If Rutgers or Illinois shoots the lights out against Iowa, then yes, Iowa has a very definite Problem on their hands.  But the odds -- and stats -- suggest that's unlikely.  (No whammies no whammies no whammies...)

The KenPom projections for the remainder of Iowa's schedule are also pretty sunny, tabbing Iowa for a 7-3 record the rest of the way, with the only losses coming at Michigan, Penn State, and Indiana.  (The Penn State game is a virtual coin flip -- the Nittany Lions are given just a 51% likelihood of beating Iowa.)  Of those seven wins, Iowa's odds of winning are 60% or better in all but one game (the road game against Nebraska).  Those are pretty good odds.

Of course, we've been down this road before in the not-too-distant past and wins on paper don't necessarily translate into wins in reality.  And KenPom projections certainly aren't infallible.  Iowa needs to play better defense than they have over the past few weeks and, as much as possible, avoid those lengthy, spirit-crushing field goal droughts where the offense looks like they're at a restaurant and the menu is in Portuguese.  If they can do that, the wins should come.  Should.  Probably.  Hopefully.

The downside of Iowa's relatively soft remaining schedule is that Iowa also doesn't have many opportunities to turn heads or notch a really impressive, resume-building win, either.  Maryland is the only team remaining on Iowa's current schedule that's ranked, although it's conceivable that Indiana could find themselves ranked again by the time their game with Iowa (March 3) rolls around.  But Iowa will have an opportunity to boost their RPI -- and their NCAA Tournament resume -- with volume, with one un-sexy win after another over the next month.  If they can go 8-2 or 7-3 down the stretch, they can finish with 19 or 20 wins, a very solid mark in Big Ten play (11-7 or 10-8), and a handful of quality wins.  That should leave them in solid shape when Selection Sunday rolls around.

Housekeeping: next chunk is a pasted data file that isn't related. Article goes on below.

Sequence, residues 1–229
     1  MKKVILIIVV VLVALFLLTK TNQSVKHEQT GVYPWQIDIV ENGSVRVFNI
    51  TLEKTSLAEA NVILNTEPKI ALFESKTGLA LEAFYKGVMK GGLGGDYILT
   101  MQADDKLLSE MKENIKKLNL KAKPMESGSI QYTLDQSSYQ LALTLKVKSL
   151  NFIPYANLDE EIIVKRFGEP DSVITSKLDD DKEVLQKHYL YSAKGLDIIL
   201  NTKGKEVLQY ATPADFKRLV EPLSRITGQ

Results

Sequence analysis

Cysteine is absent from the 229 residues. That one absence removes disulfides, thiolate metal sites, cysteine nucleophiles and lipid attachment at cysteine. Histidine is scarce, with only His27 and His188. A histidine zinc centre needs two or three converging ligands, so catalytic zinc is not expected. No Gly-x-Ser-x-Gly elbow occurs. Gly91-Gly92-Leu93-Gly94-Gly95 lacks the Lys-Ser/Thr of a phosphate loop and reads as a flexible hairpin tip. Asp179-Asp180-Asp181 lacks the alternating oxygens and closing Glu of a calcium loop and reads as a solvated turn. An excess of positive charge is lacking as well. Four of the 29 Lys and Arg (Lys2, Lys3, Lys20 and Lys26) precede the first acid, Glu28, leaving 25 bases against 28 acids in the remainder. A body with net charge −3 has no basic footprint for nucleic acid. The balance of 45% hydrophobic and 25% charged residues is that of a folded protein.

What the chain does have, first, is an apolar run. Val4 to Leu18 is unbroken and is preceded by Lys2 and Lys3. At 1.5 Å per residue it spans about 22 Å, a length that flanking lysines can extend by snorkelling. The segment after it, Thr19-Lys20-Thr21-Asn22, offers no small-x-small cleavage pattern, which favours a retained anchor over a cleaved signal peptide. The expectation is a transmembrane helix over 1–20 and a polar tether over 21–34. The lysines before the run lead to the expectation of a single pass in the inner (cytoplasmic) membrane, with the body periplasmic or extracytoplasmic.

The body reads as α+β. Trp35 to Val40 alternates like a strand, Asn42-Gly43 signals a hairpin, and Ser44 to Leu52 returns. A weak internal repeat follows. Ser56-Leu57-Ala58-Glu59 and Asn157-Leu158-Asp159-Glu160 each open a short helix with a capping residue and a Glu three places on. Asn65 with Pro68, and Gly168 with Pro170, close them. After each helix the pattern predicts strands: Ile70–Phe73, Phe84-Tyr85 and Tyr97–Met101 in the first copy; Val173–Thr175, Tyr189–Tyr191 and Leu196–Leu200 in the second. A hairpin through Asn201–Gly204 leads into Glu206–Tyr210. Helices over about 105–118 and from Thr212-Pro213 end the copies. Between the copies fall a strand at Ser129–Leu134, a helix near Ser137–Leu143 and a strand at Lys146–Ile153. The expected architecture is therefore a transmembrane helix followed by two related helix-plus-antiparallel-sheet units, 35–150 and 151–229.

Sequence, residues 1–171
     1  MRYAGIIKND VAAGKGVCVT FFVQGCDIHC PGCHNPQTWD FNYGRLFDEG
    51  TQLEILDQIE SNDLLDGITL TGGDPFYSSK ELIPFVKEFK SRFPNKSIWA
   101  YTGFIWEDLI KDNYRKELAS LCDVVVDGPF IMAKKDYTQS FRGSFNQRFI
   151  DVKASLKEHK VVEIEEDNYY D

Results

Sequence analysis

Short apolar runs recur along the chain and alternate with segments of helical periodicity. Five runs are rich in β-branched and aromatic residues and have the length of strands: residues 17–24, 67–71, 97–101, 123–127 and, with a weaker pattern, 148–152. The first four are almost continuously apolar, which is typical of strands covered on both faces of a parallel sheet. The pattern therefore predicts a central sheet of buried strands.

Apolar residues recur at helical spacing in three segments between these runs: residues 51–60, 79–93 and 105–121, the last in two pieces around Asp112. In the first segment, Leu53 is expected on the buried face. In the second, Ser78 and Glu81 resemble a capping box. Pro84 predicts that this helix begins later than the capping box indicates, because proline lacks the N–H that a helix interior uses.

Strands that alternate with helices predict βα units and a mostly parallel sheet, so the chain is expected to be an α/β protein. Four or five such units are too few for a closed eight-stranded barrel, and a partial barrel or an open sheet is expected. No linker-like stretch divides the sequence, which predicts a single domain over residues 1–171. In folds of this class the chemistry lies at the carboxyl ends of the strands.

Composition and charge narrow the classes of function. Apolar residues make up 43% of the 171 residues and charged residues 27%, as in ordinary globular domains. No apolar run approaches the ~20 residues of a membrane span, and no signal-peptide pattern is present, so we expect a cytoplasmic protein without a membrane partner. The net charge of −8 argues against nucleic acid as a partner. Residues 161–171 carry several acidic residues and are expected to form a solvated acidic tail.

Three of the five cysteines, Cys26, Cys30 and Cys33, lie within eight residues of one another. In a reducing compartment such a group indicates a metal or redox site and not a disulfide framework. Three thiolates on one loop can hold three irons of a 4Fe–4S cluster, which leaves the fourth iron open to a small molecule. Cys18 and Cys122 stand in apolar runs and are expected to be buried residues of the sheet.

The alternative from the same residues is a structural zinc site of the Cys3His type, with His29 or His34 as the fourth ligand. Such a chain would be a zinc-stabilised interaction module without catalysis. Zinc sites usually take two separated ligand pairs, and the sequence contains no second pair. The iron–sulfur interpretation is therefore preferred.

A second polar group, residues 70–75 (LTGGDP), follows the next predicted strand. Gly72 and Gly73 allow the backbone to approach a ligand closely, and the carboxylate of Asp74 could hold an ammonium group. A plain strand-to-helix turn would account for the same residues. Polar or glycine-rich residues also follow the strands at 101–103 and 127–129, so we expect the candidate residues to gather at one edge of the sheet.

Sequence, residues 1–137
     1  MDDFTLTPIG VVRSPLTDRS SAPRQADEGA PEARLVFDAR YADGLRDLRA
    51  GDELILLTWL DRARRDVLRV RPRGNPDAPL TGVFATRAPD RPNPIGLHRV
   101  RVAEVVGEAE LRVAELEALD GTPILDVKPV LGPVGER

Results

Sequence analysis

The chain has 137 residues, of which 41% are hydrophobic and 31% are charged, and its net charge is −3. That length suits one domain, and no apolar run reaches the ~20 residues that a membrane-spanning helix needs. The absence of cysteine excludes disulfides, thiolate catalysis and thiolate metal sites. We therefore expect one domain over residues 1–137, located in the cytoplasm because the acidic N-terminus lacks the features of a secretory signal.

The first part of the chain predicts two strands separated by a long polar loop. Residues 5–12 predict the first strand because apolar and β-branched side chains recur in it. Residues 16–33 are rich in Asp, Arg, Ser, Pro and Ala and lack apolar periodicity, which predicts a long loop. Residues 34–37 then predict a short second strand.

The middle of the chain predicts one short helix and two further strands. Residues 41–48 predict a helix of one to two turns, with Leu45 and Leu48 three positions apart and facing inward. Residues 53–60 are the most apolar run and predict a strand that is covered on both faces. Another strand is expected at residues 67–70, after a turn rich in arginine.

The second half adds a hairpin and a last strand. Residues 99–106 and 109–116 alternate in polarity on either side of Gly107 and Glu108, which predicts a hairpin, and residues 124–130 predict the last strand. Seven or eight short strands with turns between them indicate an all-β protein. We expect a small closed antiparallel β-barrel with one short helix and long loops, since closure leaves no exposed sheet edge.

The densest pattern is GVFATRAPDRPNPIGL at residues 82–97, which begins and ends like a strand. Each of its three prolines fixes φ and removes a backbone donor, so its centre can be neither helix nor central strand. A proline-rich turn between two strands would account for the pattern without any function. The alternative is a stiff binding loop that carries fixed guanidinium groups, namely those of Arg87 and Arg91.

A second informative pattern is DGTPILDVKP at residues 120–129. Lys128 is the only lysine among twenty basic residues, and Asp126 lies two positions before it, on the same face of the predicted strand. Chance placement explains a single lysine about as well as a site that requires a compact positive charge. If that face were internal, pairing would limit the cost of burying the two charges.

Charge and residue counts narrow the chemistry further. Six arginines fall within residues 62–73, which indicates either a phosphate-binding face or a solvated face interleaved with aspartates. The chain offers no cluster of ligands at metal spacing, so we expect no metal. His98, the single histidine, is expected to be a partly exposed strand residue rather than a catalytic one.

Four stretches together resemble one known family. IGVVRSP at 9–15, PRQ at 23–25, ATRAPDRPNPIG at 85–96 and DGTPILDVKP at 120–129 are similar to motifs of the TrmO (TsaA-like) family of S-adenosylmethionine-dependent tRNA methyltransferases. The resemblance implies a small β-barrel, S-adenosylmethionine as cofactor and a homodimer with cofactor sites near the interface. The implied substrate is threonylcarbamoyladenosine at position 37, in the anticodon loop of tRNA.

Iowa's recent three-game losing skid didn't cripple their NCAA Tournament hopes -- but it did remove a lot of their margin of error the rest of the way.  This week's games seem especially important.  Two more losses would run Iowa's losing streak to five in a row.  That might put Iowa in a position where Iowa needs to win out in order to keep their NCAA Tournament aspirations afloat.  It would also probably further damage their confidence (which can be an issue for this team, as we've seen in the past) and that would make a turnaround even harder to accomplish.  It feels odd to label pre-Valentine's Day games as "must win" games, but if these games don't quite hit that mark, then they aren't far away from it, either. Iowa really needs some wins -- at the very least a win -- this week to bolster their resume and to get things headed in the right direction again.